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Over 200 voice concerns at Paige water meetings

LCRA seeks aquifer groundwater permit


Giddings Times & News, Thursday, July 26, 2018

State Rep. John Cyrier, Judge Fischer attend

Over 200 people attended back-to back July 17 public information meetings at Paige Community Center.

The meetings for local residents and landowners were sponsored by the Simsboro Aquifer Water Defense Fund, a 501c3 nonprofit which advocates for aquifer protection and landowner property rights in groundwater, and by the newly-formed Friends of Bastrop Water.

Both events were centered around the pending permit at the Lost Pines Groundwater Conservation District for the Lower Colorado River Authority to pump up to 25,000 acre-feet per year from the Simsboro Aquifer in Bastrop County.

State Representative John Cyrier, Lee County Judge Paul Fischer, Bastrop County Judge Paul Pape, and Rep. Cyrier’s legislative aide and District Director Alonzo Wood of Lexington, visited with audience members.

Judge Fischer spoke extemporaneously to encourage public involvement in protecting local groundwater resources.

The LCRA project was framed by Bastrop County landowner, Jeannie Jessup, and San Antonio hydrologist, George Rice. Jessup, who holds a graduate degree in botany from Texas A&M, spoke eloquently of her community’s concerns about locating the project in the midst of the local Lost Pines trees, still recovering from the 2011 wildfire. Rice illustrated concerns with local effects of LCRA’s 8-well project with maps depicting computer-modeled future drawdowns in the Simsboro Aquifer and other aquifers from pumping under existing mega-permits.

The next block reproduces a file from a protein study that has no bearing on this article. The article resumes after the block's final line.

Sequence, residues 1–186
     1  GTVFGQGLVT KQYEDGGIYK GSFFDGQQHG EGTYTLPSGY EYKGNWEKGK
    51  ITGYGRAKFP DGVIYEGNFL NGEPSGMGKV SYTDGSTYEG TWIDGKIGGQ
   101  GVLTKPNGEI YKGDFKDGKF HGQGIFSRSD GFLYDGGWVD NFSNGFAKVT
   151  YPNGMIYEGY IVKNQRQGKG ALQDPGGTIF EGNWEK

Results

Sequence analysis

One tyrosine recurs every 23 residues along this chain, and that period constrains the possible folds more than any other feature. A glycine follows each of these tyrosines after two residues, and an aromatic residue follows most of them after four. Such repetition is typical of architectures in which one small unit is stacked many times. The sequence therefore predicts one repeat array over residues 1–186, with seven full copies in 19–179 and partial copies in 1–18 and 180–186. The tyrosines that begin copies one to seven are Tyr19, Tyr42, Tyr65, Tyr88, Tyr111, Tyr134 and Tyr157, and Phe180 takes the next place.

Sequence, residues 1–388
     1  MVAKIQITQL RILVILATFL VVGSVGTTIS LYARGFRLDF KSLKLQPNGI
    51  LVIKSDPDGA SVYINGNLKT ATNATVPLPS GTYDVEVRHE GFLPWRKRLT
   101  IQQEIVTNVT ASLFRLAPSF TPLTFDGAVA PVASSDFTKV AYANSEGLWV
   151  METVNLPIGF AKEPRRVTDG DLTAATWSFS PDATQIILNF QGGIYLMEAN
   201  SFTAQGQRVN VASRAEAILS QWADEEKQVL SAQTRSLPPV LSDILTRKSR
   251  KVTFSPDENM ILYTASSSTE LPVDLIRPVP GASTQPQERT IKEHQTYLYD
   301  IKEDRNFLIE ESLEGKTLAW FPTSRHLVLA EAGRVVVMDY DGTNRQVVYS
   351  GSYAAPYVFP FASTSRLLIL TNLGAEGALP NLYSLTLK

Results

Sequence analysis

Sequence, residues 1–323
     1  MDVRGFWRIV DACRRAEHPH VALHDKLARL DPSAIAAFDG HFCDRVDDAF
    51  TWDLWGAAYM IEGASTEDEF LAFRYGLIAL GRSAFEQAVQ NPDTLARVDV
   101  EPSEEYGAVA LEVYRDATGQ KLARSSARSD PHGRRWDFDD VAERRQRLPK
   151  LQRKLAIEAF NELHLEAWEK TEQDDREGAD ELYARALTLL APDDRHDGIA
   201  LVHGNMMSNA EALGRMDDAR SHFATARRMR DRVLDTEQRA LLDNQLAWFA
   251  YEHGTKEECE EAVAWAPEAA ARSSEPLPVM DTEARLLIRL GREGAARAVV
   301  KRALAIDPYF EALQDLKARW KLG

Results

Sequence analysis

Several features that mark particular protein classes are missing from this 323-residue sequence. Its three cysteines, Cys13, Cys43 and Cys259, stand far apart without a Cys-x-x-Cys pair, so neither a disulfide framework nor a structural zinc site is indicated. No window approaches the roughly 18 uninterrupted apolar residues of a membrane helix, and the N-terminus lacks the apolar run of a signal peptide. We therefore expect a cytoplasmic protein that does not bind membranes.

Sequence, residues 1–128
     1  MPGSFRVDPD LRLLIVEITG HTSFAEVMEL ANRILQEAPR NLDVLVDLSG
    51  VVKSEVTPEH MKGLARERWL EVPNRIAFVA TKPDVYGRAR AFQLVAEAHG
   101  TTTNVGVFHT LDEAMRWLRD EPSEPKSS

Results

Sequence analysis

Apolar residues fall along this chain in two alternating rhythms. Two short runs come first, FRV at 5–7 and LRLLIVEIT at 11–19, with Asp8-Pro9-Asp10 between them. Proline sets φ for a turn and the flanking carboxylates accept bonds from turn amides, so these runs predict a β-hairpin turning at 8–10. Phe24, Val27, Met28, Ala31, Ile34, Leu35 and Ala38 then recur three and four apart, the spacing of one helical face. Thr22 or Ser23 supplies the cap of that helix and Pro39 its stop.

Without even adding the new LCRA project, Rice noted those drawdowns in the Simsboro will range from 100 feet over almost a dozen counties, to 1200 feet in parts of Burleson and Lee counties.

He emphasized that although the vast Simsboro Aquifer will still be “full” at the end of 60 years, drawdowns in wells and water levels in those counties will result from the reductions in pressure in the artesian Simsboro.

After the meeting, SAWDF director and Lee County landowner Travis Brown said, “The water marketers are fond of telling the first half of that story--- ‘the Simsboro will be full of water’ --- without admitting the very negative effects on our local rural counties.”

Rounding out the speakers were Phil Cook and Steve Box, both leaders of the conservation group Environmental Stewardship, and Michele Gangnes of SAWDF.

Box introduced Rice’s presentation with a discussion of effects of Simsboro pumping on the Colorado River. The river currently gains water from the Simsboro in Bastrop County but will begin losing water back to the aquifer when mega-pumping begins.

Both audiences had a lively discussion of the need to challenge the LCRA permit and the fundraising that would be necessary.

Donors to both SAWDF ( and Environmental Stewardship ( are eligible to receive favorable tax treatment. Both organizations are currently assisting the financing of the ongoing End Op permit litigation among four local landowners, the Lost Pines District and water marketer, End Op aka Recharge.

The District and End Op are appealing the favorable ruling the landowners received from Judge Carson Campbell in January 2018.Friends of Bastrop Water may be found at